Real Answers from Real Pilots

More debt?

Hello,

I just graduated from a 4 year university with 30,000 in student loan debt. I hate my job in sales and becoming a pilot has always been a dream of mine so I want to make it happen. I’ve been looking into ATP and trying to figure out how much it would cost. I have to factor in living expenses and what not and after everything I would be coming out with a little over 100k in student debt if you add my previous loans. Is the money something I should worry about it I were to commit? Should I wait and save more or just commit now since the sooner you start the better?

Thanks

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Getting a jump on the training is never really a bad thing. Spending money is always a thought process. If you’re young and able to fly fly fly, then the money wont be a problem for you as you progress though your career. There are many threads on that very subject here on this forum.

Airline Pilot Central Home | AirlinePilotCentral.com can show you pilot incomes and give you a pretty good understanding on what to expect in the near and further down there road.

If you go here it will give you a full breakdown of what you will need as far as loans.

Sallie Mae Application FAQ / ATP Flight School

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To add, my plan is to start the program in February and move back in with my parents in august so I don’t have to worry about rent. I’ll probably live with them until i get to the regionals. Do I wait until august or start now and spend 10k more?

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Blake,

I think it’s safe to say unless your last name is Bezos or Oprah is your aunt, looking at a $100k loan is a little scary. That said this is an investment in your future and it’s a future with tremendous earning potential not to mention (IMHO) the best job on the planet.

While I understand the desire to wait and save you have to consider the fact that pilots have a finite amount of years they can fly. Mandatory retirement is age 65 and pilots at the top earn $350k+. Every year you delay is one less year you’d be earning that money. Add in loss of 401k contributions and the quality of life that comes with greater seniority and you actually are sacrificing quite a when you delay. That said not everyone feels comfortable with the debt or simply can’t start early for any number of reasons, but to answer your question yes sooner is always better.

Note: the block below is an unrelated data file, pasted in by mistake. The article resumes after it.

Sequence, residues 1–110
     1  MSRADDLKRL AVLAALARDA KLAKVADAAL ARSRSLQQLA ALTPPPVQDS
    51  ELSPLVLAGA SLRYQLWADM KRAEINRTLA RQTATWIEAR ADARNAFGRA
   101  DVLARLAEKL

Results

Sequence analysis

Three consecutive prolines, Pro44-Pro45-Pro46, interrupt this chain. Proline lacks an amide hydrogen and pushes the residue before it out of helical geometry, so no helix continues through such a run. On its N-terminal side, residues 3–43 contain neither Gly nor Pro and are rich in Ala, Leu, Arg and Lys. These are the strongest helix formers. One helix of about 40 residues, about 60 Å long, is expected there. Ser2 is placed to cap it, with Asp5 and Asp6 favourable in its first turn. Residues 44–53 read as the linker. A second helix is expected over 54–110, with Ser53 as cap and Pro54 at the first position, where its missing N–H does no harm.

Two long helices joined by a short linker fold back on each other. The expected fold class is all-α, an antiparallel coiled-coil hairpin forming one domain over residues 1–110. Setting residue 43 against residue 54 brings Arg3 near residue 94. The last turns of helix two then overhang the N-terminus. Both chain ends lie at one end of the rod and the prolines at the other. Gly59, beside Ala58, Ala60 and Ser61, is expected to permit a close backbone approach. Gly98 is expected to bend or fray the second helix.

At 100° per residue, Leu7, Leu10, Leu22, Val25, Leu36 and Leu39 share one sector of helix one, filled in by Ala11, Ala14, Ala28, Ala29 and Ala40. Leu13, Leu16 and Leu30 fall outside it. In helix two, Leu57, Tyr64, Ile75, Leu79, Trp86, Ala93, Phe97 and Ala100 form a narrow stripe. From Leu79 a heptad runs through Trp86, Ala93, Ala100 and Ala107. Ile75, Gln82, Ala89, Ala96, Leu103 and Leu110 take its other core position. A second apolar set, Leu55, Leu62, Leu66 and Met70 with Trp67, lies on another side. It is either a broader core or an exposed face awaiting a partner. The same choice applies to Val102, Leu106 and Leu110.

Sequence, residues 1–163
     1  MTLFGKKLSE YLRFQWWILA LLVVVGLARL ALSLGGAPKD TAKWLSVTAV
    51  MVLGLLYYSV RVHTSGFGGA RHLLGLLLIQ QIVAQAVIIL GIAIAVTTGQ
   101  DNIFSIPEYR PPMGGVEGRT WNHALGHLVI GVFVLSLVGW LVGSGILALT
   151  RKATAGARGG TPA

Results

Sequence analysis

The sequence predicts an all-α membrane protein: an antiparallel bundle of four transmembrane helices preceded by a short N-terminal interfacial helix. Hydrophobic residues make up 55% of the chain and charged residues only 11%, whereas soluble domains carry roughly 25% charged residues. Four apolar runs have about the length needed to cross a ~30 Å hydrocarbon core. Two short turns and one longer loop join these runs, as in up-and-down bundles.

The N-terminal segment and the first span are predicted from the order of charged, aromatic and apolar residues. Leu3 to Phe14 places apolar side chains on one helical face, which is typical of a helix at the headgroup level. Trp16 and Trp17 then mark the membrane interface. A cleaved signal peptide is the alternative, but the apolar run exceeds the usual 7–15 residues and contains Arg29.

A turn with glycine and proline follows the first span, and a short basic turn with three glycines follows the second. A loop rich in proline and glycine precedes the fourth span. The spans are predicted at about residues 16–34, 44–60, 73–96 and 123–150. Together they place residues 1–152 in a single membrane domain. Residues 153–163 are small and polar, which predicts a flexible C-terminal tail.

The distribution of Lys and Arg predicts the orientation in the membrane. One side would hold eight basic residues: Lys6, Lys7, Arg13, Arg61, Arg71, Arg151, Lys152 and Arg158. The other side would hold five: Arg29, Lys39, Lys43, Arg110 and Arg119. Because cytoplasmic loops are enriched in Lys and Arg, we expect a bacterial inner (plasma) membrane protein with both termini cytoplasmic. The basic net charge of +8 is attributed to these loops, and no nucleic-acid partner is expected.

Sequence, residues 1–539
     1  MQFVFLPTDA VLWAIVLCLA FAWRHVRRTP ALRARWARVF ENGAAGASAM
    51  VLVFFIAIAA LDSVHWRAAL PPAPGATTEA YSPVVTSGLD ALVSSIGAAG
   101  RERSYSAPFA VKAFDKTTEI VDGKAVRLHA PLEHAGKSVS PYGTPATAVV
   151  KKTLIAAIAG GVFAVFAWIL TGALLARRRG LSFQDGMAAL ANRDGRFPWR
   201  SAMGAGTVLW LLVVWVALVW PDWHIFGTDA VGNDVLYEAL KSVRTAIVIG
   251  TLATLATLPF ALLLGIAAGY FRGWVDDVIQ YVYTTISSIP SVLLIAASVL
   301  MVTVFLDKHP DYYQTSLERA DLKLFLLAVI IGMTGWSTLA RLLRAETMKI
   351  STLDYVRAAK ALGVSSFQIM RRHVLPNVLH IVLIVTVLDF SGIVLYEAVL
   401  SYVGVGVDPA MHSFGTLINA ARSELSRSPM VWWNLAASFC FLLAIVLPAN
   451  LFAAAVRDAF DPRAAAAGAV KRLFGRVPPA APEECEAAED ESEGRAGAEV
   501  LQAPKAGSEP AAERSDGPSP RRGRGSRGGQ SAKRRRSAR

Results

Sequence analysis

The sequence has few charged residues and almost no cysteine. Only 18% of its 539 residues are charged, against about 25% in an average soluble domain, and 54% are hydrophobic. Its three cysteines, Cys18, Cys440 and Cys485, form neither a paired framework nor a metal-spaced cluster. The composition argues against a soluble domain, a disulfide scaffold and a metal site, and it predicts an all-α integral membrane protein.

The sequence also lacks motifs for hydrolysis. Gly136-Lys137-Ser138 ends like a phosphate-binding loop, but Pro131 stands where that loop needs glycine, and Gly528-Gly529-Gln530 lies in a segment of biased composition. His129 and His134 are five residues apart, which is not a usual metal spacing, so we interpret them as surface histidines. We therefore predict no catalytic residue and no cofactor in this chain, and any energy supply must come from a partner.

Btw, you don’t mention any flying experience (and no sitting in the back going to Spring Break doesn’t count)?
If in fact you’ve never flown in a small plane before you do anything else in consideration of this career you really need to take an Intro flight or lesson (ATP has a great program if there’s a location that’s convenient :Introductory Training Flight / ATP Flight School). While many people love the idea of being a pilot, until you actually go up you won’t know for certain.

Adam

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If it were me I’d Start, seniority at the airlines is everything. Go thru the flow that is on the ATP pages. Enrollment Steps for Airline Career Pilot Students/ ATP Flight School

1st Class Med complete, apply to Sallie Mae for your loans and ATP, then prior to Start date take as many of the written tests that you can.

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Thank you both Darrell and Adam for your quick replies! I forgot to mention I went on a discovery flight a few weeks back and I can’t stop thinking about it. I’m hooked and have been doing research, watching videos and listening to podcasts everyday since. It’s safe to say I caught the flying bug. I just want to be smart financially but I know it will definitely pay off in the long run.

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Blake,

I too am a recent college graduate with $30,000 in rough debt from education loan lenders. I worked in the financial world for around 3 years, some of which I spent while in school for my degree. I was constantly working sales, number crunching interest calculations, etc. I realized very quickly that I didn’t want to sit behind a desk the rest of my life trying to sell things that I wouldn’t have even taken and wanted my office to be a view of the flight deck.